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There’s a security innovation paradox in DevOps environments, according to new research from ThycoticCentrify and Forrester. Organizations want developers to innovate faster without sacrificing security in the process.
“As security leaders seek to mitigate risks associated with insecure DevOps processes, half (50%) struggle to do so because security and development processes are not integrated,” the report stated. “From a developer’s perspective, leadership’s prioritization of security over shipping dates (68%) and existing security protocols (59%) sometimes forces them to subvert access controls in order to meet their delivery deadlines.”
The report also found that 57% of organizations have experienced security incidents related to exposed secrets in the past two years, creating a situation in which only 5% say that most of their development teams use the same secrets management processes and tools.
“The reason why we see so many security incidents related to exposed secrets in DevOps is because using hardcoded passwords and keys is the easy path to getting things to work,” said Joseph Carson, chief security scientist and advisory CISO at ThycoticCentrify, in an email comment. “We need to make it just as easy for DevOps teams to use secrets vaults so even when secrets get compromised, they are no longer usable, valid or expired.”
DevOps secrets are credentials for authentication used for applications by human and non-human identities. Secrets are the fine line between keeping data safe or allowing an organization to fall victim to a data breach. Secrets move through four phases: Creation, storage, rotation and revocation. During each phase, secrets can be violated due to unauthorized access, a lack of visibility into current and changing secrets or manual management that slows down the entire process.
Managing secrets is tough, yet remains one of the most common elements in configuration strategies. Secrets management, explained Carson, is the ability to move away from hardcoded passwords or static keys to just-in-time privileges or one-time-use passwords so that, even if compromised, they cannot be used. Yet, there are plenty of challenges involved in secrets management, including:
• The unwieldy spread of secrets. There are too many secrets and too much decentralization of secrets over time; that leads to privacy and security issues.
• Too many tools. Nearly every phase of the DevOps process has its own set of tools and no good way to integrate them all.
• Poor tracking of secrets. Do you know where your secrets are? Do you know what your secrets are? Do you know what identities have permissions for these secrets? If you can’t answer yes to all of those questions, you’ve added more risk to your DevOps process.
Gartner predicts that by 2025, more than 75% of global organizations will be running containerized applications in production. The research firm also predicts that by the end of this year, half of organizations will use privileged access management (PAM) as a way to protect these applications and provide secrets management solutions.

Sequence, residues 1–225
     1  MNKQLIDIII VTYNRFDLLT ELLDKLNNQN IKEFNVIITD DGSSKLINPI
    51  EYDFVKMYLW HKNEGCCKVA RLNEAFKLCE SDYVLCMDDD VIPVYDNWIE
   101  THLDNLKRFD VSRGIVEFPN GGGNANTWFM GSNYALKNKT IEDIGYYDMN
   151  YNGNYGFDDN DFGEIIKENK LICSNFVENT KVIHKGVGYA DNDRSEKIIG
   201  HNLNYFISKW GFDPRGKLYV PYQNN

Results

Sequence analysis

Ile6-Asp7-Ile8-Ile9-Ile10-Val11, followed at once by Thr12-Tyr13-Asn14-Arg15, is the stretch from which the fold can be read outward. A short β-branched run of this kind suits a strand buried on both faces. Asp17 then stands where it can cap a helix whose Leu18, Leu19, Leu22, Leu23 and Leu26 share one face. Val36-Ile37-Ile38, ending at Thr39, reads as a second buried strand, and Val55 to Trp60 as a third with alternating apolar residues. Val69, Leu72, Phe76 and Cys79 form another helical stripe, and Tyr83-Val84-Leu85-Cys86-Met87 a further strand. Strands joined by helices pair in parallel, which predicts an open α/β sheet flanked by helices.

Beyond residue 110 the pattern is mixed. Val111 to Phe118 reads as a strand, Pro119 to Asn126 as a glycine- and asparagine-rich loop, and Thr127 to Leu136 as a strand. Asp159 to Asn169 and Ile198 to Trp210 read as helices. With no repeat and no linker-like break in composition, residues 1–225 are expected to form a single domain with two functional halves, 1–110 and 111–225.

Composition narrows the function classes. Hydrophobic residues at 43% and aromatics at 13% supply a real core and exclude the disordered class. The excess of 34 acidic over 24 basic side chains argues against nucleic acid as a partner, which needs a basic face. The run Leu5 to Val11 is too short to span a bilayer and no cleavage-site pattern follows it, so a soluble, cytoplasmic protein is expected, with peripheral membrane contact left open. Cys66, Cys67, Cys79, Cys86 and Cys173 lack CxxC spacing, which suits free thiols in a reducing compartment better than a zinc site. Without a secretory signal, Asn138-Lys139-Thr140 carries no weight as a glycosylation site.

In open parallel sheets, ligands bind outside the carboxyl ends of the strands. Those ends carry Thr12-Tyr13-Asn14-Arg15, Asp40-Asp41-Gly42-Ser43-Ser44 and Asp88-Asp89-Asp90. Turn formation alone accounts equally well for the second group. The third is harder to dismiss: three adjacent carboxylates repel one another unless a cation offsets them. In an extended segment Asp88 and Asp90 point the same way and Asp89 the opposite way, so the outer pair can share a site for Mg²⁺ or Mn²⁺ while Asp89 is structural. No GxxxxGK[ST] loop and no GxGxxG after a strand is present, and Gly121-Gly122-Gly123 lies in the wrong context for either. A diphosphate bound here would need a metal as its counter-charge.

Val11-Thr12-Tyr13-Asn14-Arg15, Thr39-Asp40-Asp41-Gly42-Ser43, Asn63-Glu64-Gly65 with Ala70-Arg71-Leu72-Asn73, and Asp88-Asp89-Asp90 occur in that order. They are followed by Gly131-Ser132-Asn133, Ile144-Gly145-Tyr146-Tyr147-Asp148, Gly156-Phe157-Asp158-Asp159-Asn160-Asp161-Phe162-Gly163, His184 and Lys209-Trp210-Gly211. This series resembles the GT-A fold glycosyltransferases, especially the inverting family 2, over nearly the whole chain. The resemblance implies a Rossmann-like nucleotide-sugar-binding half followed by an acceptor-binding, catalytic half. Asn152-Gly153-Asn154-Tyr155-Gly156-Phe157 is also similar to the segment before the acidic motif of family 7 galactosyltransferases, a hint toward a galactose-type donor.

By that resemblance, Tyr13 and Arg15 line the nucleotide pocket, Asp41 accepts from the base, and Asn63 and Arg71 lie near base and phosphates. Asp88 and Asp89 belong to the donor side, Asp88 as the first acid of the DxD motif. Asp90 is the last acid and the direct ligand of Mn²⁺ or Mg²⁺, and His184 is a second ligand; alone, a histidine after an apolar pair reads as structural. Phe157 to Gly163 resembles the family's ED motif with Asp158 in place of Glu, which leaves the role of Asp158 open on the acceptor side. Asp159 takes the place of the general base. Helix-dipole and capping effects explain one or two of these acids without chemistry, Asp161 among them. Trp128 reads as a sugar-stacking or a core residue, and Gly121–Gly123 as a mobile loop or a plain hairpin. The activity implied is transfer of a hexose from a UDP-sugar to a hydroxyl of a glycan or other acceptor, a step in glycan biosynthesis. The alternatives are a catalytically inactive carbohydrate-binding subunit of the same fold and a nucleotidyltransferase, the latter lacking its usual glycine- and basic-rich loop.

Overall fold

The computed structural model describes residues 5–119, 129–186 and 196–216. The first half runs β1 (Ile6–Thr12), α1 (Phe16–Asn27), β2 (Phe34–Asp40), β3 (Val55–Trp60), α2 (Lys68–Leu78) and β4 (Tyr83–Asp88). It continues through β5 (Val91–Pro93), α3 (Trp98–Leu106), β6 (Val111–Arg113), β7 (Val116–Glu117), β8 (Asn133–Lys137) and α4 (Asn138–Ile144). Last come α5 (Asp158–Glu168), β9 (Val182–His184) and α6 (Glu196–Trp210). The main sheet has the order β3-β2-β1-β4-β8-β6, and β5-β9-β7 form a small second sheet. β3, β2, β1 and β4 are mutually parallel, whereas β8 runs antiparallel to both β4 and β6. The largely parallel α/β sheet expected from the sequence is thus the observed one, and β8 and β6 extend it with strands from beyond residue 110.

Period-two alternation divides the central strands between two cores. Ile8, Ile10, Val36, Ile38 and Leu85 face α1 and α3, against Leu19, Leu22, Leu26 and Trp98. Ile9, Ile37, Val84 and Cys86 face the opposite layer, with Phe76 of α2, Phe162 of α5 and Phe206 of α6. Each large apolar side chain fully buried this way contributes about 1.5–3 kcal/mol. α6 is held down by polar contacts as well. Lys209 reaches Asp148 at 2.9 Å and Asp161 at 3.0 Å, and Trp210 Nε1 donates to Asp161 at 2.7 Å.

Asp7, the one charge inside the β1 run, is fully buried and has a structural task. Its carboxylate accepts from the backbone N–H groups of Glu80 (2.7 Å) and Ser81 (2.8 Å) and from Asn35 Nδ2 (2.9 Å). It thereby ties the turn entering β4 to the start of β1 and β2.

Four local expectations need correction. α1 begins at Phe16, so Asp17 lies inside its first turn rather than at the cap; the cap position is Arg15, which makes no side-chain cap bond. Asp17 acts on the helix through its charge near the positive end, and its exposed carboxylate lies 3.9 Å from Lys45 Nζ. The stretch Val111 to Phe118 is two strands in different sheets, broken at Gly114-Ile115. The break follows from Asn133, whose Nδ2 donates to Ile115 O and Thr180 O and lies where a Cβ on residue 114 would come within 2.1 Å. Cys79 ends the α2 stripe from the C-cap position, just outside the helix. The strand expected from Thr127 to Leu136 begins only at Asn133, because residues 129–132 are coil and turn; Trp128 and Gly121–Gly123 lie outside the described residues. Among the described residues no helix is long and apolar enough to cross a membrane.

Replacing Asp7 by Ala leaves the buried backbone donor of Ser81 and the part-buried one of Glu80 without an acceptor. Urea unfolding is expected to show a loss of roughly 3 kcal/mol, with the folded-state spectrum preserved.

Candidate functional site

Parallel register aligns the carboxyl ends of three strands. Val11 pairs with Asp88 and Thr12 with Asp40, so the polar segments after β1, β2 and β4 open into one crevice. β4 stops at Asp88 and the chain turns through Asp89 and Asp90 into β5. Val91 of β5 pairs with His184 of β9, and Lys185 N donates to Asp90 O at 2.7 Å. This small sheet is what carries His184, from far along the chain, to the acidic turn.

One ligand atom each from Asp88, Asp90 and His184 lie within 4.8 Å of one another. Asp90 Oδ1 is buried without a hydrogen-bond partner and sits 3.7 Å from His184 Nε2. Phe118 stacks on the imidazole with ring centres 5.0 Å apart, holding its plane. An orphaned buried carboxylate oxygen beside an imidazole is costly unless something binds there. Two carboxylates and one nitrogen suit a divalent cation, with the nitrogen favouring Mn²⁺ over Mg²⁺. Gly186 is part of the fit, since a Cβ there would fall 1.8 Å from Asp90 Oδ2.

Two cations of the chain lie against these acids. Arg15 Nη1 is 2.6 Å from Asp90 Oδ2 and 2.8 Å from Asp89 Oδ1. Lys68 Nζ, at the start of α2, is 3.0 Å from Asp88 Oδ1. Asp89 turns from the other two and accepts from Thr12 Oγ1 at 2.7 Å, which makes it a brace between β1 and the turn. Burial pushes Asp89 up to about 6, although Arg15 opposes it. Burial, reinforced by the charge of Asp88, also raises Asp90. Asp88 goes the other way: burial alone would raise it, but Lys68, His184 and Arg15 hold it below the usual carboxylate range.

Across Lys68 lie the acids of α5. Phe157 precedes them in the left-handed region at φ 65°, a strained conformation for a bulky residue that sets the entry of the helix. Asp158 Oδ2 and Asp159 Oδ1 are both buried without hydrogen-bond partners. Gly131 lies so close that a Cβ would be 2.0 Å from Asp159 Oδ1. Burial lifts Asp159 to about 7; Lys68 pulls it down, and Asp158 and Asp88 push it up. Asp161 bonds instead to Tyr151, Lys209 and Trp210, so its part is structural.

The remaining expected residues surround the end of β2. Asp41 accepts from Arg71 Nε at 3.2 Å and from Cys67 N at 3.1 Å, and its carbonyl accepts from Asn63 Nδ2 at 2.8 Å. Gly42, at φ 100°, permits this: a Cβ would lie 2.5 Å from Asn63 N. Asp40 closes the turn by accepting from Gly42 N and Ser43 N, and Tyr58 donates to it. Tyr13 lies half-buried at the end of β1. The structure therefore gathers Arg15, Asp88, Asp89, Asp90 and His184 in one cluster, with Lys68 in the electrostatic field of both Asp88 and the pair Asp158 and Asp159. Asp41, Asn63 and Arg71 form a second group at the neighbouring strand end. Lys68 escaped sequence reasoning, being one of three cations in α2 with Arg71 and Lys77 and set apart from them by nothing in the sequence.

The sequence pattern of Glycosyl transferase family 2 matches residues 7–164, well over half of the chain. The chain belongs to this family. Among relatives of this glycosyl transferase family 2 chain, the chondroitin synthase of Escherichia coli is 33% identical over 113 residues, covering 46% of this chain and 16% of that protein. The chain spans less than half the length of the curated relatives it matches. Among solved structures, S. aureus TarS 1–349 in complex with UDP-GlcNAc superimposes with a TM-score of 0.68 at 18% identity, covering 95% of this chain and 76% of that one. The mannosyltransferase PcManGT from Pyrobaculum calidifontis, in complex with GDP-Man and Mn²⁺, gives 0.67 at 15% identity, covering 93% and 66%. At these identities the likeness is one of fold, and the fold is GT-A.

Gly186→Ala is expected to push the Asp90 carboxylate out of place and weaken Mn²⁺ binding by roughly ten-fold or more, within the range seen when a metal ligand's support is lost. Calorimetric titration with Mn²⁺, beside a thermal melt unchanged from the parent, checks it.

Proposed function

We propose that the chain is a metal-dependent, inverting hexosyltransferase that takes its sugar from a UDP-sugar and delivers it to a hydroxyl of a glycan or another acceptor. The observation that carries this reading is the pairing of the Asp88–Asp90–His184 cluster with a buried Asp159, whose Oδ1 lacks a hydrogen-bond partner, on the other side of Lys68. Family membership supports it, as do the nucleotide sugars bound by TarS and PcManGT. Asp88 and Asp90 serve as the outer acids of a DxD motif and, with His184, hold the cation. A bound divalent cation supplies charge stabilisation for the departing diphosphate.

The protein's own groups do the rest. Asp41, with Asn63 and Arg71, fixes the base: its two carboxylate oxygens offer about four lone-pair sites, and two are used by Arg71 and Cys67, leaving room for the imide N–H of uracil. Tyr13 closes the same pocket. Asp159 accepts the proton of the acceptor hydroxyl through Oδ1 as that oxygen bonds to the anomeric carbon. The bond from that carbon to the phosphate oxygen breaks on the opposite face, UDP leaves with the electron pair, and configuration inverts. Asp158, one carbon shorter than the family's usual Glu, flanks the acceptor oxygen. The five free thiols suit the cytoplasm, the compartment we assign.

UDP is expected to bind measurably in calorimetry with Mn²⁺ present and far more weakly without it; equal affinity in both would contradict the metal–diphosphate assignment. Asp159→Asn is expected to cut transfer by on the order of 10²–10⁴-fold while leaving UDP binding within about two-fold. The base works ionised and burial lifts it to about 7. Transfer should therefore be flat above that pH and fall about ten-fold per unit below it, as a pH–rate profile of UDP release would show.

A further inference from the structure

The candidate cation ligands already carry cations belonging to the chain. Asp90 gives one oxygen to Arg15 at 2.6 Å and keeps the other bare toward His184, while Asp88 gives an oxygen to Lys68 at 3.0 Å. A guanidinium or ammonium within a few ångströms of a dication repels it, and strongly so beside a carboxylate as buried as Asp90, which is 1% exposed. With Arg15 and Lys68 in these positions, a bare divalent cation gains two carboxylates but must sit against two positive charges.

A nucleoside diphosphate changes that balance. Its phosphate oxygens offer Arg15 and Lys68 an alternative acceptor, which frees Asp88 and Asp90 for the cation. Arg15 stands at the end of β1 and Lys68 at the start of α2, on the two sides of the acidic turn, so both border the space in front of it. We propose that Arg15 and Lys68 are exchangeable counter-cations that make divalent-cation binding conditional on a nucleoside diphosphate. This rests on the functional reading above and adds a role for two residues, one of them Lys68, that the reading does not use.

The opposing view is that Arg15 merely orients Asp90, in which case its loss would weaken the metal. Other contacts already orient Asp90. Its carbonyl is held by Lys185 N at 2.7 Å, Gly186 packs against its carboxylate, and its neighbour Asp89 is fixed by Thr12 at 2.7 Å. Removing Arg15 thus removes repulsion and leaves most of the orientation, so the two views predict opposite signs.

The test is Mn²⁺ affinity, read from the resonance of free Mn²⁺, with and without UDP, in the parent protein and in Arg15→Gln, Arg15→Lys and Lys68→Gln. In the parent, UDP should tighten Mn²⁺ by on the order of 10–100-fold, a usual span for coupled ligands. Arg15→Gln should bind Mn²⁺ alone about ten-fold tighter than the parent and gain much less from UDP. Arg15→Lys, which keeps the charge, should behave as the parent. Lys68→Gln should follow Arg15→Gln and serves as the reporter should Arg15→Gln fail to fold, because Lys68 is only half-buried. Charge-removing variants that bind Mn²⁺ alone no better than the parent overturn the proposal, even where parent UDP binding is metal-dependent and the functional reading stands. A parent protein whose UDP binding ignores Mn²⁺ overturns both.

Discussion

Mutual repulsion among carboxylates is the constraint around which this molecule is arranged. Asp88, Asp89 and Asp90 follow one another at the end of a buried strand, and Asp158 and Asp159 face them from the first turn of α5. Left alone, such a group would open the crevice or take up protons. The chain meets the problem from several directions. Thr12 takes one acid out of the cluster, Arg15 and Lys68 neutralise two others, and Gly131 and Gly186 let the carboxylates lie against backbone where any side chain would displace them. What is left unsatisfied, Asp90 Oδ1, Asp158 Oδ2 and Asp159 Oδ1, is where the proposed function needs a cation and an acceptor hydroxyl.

Enterprises are rapidly acquiring PAM solutions that manage passwords and other digital credentials. PAM continues to be the number-one priority for CISOs seeking to reduce cybersecurity risk and meet security compliance requirements.
“Many privileged access management solutions that have been protecting privileged access for years have extended functionality to developers to help move the value into DevOps so they can manage credentials for applications, databases, CI/CD tools and services without causing friction in the development process,” Carson said.
Unfortunately, many organizations struggle to maximize their PAM investment because traditional solutions are so complex. Traditional PAM solutions require people to interrupt their workflow to access credentials, Carson explained.
“As a result, people find ways to skirt security policies so they can stay productive. Their PAM investment sits on the shelf collecting dust. We believe PAM complexity isn’t just a pain, it’s also downright dangerous. Usability and security go hand-in-hand to increase adoption and decrease risk.”
“To realize the promise of enterprise PAM, solutions must be easy to use, embedded in people’s daily workflow and orchestrated behind the scenes. For the average privileged user, PAM must be virtually invisible,” said Carson.
Invisible PAM addresses the demand for usable security. Privileged users work securely within the same IT and business productivity systems they already know and use every day. Security policies are followed consistently, regardless of geography, business unit or technology.
“In fact,” Carson said, “invisible PAM can operate automatically without any human intervention, enabling interoperability and security access orchestration.” Instead, organizations are able to seamlessly access and manage all types of secrets without friction or disruption.
Cybersecurity fatigue also decreases with invisible PAM. “Orchestration is key to invisible PAM,” said Carson. “With orchestration, PAM can scale across a complex, growing enterprise by integrating privileged security and IT functions across multiple disparate systems. Identities, roles, permissions and activities are all synced and security policies are followed consistently regardless of geography, business unit or technology.”
DevOps is all about automation and fast production times. Security too often takes a back seat in the process. Adding more focus to secrets management via invisible PAM should help to address the security innovation paradox problem.
Sue Poremba is freelance writer based on Central PA. She’s been writing about cybersecurity and technology trends since 2008.
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